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Venmo Takes Another Step Toward Privacy

As part of a larger redesign, the payment app Venmo has discontinued its public “global” feed. That means the Venmo app will no longer show you strangers’ transactions—or show strangers your transactions—all in one place. This is a big step in the right direction. But, as the redesigned app rolls out to users over the next few weeks, it’s unclear what Venmo’s defaults will be going forward. If Venmo and parent company PayPal are taking privacy seriously, the app should make privacy the default, not just an option still buried in the settings.

Currently, all transactions and friends lists on Venmo are public by default, painting a detailed picture of who you live with, where you like to hang out, who you date, and where you do business. It doesn’t take much imagination to come up with all the ways this could cause harm to real users, and the gallery of Venmo privacy horrors is welldocumented at this point.

However, Venmo apparently has no plans to make transactions private by default at this point. That would squander the opportunity it has right now to finally be responsive to the concerns of Venmo users, journalists, and advocates like EFF and Mozilla. We hope Venmo reconsiders.

There’s nothing “social” about sharing your credit card statement with your friends.

Even a seemingly positive move from “public” to “friends-only” defaults would maintain much of Venmo’s privacy-invasive status quo. That’s in large part because of Venmo’s track record of aggressively hoovering up users’ phone contacts and Facebook friends to populate their Venmo friends lists. Venmo’s installation process nudges users towards connecting their phone contacts and Facebook friends to Venmo. From there, the auto-syncing can continue silently and persistently, stuffing your Venmo friends list with people you did not affirmatively choose to connect with on the app. In some cases, there is no option to turn this auto-syncing off.  There’s nothing “social” about sharing your credit card statement with a random subset of your phone contacts and Facebook friends, and Venmo should not make that kind of disclosure the default.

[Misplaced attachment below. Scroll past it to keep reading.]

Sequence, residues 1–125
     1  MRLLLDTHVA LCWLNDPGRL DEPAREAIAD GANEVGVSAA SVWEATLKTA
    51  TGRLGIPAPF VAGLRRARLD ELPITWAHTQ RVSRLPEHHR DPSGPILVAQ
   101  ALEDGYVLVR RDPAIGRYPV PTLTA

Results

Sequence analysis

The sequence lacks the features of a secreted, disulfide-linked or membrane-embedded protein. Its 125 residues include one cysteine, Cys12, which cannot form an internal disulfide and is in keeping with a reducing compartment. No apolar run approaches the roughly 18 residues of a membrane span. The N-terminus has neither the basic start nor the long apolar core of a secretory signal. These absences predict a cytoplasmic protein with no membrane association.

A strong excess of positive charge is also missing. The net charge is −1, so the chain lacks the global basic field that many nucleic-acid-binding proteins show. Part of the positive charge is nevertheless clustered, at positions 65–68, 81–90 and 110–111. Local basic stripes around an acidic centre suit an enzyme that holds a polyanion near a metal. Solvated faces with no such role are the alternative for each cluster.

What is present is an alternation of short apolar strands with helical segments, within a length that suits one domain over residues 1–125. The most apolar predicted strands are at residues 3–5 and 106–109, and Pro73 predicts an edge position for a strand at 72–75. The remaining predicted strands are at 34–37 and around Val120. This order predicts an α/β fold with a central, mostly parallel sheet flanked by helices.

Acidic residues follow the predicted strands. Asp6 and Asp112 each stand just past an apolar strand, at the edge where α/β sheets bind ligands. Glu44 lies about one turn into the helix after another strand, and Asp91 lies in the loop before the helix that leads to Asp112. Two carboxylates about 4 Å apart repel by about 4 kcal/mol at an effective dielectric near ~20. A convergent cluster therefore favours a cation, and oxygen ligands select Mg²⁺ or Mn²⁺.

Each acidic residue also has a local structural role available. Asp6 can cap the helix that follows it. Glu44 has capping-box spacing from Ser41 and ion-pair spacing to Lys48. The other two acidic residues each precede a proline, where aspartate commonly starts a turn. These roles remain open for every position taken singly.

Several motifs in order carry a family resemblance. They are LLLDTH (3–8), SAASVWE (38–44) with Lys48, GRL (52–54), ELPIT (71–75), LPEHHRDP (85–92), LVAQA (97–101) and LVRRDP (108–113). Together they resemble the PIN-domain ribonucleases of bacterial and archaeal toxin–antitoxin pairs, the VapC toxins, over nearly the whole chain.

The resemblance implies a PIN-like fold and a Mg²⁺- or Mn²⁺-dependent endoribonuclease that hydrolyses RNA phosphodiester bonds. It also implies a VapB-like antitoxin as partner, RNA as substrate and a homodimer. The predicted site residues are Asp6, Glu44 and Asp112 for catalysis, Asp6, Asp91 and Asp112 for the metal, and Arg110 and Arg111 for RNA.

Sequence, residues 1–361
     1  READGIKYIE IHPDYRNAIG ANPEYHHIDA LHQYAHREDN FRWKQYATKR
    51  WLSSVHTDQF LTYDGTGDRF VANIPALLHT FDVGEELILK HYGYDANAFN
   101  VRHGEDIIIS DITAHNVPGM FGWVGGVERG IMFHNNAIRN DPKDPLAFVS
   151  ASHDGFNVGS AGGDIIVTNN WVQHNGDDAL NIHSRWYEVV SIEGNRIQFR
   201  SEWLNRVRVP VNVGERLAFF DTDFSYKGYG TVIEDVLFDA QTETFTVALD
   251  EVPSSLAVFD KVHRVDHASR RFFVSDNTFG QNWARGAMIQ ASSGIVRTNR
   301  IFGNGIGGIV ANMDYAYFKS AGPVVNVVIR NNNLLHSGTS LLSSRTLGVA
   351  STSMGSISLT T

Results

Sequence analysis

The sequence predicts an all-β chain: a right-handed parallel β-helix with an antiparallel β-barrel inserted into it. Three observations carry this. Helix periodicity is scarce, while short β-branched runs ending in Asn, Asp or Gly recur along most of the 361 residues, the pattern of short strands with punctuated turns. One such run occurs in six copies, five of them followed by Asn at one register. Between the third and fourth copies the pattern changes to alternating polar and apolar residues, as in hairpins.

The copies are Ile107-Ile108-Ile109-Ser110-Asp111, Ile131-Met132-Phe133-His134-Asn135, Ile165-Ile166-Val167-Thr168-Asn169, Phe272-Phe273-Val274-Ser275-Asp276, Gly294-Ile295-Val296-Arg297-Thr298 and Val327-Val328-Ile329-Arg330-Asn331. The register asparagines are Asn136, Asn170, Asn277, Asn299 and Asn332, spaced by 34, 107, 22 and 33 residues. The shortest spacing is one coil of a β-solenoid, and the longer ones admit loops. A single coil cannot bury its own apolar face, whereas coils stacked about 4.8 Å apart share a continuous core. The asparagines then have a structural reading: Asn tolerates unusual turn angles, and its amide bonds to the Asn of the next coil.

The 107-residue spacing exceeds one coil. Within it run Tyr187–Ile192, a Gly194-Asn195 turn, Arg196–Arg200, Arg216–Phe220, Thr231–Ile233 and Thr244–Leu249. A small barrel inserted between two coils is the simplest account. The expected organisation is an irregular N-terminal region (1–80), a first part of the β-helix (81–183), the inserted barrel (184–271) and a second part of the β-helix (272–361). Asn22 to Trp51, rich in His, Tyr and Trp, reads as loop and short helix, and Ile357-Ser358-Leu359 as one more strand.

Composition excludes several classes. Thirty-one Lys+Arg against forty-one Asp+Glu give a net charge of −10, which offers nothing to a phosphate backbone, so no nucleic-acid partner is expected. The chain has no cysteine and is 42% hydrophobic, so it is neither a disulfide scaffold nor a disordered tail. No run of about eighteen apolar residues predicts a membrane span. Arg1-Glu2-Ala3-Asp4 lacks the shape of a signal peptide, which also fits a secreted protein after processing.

It’s also unclear if Venmo will continue to offer a “public” setting now that the global feed is gone. Public settings would still expose users’ activities on their individual profile pages and on Venmo’s public API, leaving them vulnerable to the kind of targeted snooping that Venmo has become infamous for.

We were pleased to see Venmo recently take the positive step of giving users settings to hide their friends lists. Throwing out the creepy global feed is another positive step. Venmo still has time to make transactions and friends lists private by default, and we hope it makes the right choice.

If you haven’t already, change your transaction and friends list settings to private by following the steps in this post.


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About The Author

Gennie Gebhart

The Electronic Frontier Foundation is the leading nonprofit organization defending civil liberties in the digital world. Founded in 1990, EFF champions user privacy, free expression, and innovation through impact litigation, policy analysis, grassroots activism, and technology development. We work to ensure that rights and freedoms are enhanced and protected as our use of technology grows. Visit https://www.eff.org

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